OK, so here in the real world, I think the Zombie Apocalypse is pretty unlikely. I mean, it's good to be prepared, but I kind of expect the walking dead to just congregate around shopping malls and Ikea and leave me the hell alone.
All the same, preparing for the worst case scenario is a good exercise in order to be ready for mundane annoyances. Irritation, after all, is far more likely than cataclysm.
Not that I'll admit to that in public, you understand. This is between us, OK?
Lady Luck and I went up to Flagstaff, AZ for the weekend. We stayed at the Little America Hotel. Generally speaking, we've had good experiences at that hotel. This weekend, however, was an exception.
Zombies, you know?
Well, OK, the dead have not (yet) risen and taken over scenic Flagstaff. However, the power in the hotel went out for a solid 10 hours. This was, of course, in the evening. After a day of causing trouble, we got back to a very dark, and very spooky Little America Hotel. It seems silly now, but being in a dark, silent hotel is quite unnerving. I blame Stephen King.
Anyway, because I am one prepared fellow, I had a flashlight with me. The front desk loaned us oil lamps, but the wicks were too short to give off any significant light. The wicks were also too short to grab bare-fingered. Being a good Moto-Scout, I had on my belt a Leatherman PST, which just so happens to have needle-nose pliers built in. I had the wicks adjusted in seconds, and we had enough light to avoid stubbing our toes on random furniture lurking in the dark.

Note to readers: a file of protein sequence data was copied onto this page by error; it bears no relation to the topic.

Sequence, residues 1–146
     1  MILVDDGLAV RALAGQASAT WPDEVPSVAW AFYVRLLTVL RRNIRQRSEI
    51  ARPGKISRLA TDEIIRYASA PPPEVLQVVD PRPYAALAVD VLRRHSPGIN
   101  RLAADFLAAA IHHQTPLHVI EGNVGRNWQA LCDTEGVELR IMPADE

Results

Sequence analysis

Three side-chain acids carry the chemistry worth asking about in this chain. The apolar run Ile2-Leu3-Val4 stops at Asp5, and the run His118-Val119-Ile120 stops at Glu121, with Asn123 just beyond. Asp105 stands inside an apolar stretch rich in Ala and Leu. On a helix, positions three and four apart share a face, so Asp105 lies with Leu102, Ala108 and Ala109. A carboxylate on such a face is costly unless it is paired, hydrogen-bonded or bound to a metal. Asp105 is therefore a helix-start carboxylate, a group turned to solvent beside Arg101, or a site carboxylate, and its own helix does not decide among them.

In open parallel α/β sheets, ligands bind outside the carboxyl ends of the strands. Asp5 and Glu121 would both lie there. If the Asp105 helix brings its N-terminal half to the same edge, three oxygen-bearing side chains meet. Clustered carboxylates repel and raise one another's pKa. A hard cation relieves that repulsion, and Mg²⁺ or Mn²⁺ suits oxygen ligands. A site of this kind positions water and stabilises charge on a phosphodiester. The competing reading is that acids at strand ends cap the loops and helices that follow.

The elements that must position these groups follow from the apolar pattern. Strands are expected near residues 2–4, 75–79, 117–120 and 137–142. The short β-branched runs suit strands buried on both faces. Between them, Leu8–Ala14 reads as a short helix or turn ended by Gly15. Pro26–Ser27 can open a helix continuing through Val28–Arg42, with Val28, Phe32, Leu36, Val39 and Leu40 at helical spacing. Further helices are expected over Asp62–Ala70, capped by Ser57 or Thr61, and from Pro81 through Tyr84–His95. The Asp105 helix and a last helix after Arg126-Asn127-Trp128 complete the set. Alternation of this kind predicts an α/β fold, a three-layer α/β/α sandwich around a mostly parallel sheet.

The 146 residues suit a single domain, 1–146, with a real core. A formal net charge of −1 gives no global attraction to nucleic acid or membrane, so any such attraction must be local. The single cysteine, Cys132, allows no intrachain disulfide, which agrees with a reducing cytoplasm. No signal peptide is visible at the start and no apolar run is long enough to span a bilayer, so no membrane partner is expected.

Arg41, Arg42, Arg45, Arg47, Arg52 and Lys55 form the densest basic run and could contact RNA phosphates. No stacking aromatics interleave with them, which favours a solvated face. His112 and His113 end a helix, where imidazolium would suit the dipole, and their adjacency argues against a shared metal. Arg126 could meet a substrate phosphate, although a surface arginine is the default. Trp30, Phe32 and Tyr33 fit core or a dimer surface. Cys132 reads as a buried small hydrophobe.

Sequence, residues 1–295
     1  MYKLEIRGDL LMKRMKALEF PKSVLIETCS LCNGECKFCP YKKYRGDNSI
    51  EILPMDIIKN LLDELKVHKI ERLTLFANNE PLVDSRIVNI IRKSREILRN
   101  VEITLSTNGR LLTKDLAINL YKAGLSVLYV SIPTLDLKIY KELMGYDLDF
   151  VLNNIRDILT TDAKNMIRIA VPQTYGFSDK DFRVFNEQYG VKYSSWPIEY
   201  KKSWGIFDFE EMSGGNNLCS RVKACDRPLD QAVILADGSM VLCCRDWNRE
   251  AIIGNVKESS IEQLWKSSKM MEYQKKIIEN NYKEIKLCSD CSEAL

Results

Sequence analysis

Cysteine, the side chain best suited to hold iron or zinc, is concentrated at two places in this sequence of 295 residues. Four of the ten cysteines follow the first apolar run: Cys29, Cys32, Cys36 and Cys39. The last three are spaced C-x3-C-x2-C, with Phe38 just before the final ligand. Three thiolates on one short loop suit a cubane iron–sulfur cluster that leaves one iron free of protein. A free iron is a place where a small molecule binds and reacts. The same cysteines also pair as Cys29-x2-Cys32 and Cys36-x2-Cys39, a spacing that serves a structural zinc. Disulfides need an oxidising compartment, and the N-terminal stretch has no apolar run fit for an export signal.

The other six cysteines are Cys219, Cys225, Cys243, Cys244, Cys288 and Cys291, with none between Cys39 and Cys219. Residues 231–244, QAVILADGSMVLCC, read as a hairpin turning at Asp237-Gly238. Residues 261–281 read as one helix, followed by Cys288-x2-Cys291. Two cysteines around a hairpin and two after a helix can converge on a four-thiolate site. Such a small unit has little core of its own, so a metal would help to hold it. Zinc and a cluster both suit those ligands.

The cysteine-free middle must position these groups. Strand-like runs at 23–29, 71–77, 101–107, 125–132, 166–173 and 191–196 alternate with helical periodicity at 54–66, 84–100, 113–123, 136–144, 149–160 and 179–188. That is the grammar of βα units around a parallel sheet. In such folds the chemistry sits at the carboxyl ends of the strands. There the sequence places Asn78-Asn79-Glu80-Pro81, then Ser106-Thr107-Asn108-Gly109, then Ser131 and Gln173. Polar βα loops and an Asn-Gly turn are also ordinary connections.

...Too bad I didn't have a source of fire. This was quickly remedied (before getting back to the room, actually), as the gas station across the street still had plenty of electricity. I've now added a Bic lighter to my list of Every Day Carry items. I plan to wrap a few feet of duct tape around it as well. You never know when you might need to stick something to another thing and then light them both on fire.
So, I guess this really wasn't a gripping tale of survival against overwhelming odds equipped with nothing but a paperclip and a Swiss Army Knife, but having a few basic items with me saved us from a miserable evening in a dark, silent, hotel room. Prepare for the worst, so you can easily deal with the annoying.
This, of course, applies to motorcycles and most any other situation. The best time to have a tire repair kit is before you need it. Same with band-aids, water and chewing gum.